Electrochemical testing of coated samples is achieved using the Paint Buffer accessory for the Gill AC 8 12 and Field Machine. This performs four important functions when dealing with very high impedance systems: Increases input resistance of the RE buffer; reduces input bias current flowing from the sample and RE; shifts the current measuring ranges down by a factor of 100 and reduces noise. When studying very thin films or films with holes LPR is sometimes used but in most other cases AC impedance is often the technique of choice. Cells can be of the limpet type where a cell with a waterproof seal is clamped onto the painted surface or dipped immersion of painted samples. Performing regular AC impedance tests during the exposure time will also show aspects of coated samples other than corrosion such as water uptake with respect to time. We built a forty channel instrument for a customer wanting to study water uptake in coated pipelines and it proved a valuable tool.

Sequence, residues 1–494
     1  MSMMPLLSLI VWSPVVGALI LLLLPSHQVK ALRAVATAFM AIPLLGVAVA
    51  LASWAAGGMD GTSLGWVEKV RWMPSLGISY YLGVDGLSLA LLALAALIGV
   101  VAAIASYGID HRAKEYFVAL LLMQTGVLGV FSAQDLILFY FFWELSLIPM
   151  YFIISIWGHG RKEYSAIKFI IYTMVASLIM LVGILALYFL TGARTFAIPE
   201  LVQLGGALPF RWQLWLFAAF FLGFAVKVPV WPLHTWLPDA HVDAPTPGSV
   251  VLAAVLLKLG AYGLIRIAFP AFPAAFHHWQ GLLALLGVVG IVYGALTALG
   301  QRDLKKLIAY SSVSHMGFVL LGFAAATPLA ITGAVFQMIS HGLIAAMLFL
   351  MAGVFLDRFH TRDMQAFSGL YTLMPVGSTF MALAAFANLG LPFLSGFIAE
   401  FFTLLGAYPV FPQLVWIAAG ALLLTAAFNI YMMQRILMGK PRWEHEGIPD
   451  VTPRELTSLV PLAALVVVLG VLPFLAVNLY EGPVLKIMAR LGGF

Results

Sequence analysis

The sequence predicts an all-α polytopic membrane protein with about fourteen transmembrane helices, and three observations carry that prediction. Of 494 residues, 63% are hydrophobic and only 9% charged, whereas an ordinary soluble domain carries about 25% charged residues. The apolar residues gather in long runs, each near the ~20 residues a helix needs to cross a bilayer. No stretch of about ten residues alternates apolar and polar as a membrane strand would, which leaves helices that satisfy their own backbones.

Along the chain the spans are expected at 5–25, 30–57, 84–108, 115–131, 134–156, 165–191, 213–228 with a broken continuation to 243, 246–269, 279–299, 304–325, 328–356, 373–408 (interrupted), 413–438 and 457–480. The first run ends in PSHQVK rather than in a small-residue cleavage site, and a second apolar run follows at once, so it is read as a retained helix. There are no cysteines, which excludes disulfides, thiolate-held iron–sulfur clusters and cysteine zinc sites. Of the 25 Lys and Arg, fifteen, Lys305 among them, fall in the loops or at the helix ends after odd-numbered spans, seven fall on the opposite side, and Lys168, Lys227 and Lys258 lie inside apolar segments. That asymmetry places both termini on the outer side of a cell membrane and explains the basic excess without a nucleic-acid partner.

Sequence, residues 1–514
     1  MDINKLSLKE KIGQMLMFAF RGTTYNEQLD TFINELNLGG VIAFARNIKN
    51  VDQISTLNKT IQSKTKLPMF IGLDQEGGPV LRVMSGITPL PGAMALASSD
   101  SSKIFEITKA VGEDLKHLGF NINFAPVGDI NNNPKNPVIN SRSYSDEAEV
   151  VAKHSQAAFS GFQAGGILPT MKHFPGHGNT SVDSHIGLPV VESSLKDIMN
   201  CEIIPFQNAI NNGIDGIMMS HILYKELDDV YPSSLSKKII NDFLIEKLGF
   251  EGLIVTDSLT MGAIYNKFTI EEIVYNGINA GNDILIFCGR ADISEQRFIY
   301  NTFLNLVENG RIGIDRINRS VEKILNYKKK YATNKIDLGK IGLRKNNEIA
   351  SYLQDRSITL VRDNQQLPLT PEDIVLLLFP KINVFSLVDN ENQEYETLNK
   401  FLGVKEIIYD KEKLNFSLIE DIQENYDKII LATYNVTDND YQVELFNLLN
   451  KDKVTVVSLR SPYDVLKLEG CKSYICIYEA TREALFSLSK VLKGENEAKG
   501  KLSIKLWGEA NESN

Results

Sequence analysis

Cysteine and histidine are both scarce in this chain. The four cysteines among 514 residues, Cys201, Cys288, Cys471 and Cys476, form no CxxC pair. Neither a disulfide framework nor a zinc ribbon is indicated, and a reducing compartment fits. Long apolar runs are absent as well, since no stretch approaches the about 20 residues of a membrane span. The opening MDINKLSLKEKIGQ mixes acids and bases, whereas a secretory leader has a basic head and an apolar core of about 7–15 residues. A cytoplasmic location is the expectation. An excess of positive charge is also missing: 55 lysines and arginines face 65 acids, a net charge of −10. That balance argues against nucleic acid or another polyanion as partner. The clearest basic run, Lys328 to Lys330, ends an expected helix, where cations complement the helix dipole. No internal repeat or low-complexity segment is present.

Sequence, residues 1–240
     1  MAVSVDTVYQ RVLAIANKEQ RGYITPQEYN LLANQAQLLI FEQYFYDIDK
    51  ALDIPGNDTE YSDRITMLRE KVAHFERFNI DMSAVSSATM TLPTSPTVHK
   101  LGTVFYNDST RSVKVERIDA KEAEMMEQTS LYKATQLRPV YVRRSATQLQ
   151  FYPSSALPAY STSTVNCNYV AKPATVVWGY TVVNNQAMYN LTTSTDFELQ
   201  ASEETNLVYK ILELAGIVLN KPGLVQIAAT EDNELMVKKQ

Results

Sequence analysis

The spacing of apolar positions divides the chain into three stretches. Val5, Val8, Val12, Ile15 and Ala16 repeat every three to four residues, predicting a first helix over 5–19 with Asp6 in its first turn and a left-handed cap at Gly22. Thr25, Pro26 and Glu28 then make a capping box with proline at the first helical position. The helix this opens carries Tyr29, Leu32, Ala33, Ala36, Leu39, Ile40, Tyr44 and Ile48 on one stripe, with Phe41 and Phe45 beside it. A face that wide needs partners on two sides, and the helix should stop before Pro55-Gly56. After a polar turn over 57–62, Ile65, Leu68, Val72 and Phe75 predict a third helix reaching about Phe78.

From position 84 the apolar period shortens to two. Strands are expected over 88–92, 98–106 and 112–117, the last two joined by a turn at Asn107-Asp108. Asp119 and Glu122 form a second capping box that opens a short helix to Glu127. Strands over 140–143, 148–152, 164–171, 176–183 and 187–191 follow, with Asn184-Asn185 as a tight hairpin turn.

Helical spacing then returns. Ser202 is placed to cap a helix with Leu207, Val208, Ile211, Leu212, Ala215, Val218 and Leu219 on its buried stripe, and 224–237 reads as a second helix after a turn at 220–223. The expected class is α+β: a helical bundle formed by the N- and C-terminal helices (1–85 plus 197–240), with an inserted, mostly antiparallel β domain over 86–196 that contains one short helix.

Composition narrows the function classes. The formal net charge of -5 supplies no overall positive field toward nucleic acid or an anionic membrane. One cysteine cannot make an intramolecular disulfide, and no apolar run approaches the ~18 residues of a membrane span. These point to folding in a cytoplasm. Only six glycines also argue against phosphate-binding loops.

This represents a nyquist plot taken at the intervals shown for a painted sample that is suffering from water uptake. Note the diameter of the semi-circle decreases as the water is taken up.
This is the classical nyquist plot for a painted sample. The first high frequency points show the solution resistance the diameter of the semi-circle is the paint and the large semi-circle the corrosion. In practice the nyquist curve can look like the plot below indicating a good capacitive paint layer.